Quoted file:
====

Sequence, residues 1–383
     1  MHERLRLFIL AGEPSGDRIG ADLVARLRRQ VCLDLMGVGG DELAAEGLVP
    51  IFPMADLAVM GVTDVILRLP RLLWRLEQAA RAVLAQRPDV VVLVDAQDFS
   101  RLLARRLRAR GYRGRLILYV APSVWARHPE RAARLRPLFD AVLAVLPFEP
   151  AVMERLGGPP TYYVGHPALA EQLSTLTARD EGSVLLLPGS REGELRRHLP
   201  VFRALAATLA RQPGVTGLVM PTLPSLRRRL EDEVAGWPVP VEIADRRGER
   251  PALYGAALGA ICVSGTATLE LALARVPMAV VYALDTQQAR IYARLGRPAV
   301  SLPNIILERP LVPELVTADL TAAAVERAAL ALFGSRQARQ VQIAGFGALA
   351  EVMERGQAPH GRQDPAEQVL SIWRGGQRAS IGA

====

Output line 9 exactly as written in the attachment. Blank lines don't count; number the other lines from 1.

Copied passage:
   351  EVMERGQAPH GRQDPAEQVL SIWRGGQRAS IGA